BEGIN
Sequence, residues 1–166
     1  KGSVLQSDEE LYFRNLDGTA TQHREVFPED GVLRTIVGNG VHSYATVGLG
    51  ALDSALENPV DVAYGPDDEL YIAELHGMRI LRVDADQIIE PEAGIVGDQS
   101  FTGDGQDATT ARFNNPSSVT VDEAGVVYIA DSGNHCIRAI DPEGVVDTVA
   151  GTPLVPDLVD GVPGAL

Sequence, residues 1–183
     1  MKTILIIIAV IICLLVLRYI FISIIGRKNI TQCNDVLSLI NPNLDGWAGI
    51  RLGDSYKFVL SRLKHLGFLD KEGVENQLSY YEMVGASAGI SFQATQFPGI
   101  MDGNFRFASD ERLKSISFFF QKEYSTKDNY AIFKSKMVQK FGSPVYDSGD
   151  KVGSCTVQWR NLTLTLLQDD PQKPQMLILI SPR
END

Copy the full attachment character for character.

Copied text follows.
Sequence, residues 1–166
     1  KGSVLQSDEE LYFRNLDGTA TQHREVFPED GVLRTIVGNG VHSYATVGLG
    51  ALDSALENPV DVAYGPDDEL YIAELHGMRI LRVDADQIIE PEAGIVGDQS
   101  FTGDGQDATT ARFNNPSSVT VDEAGVVYIA DSGNHCIRAI DPEGVVDTVA
   151  GTPLVPDLVD GVPGAL

Sequence, residues 1–183
     1  MKTILIIIAV IICLLVLRYI FISIIGRKNI TQCNDVLSLI NPNLDGWAGI
    51  RLGDSYKFVL SRLKHLGFLD KEGVENQLSY YEMVGASAGI SFQATQFPGI
   101  MDGNFRFASD ERLKSISFFF QKEYSTKDNY AIFKSKMVQK FGSPVYDSGD
   151  KVGSCTVQWR NLTLTLLQDD PQKPQMLILI SPR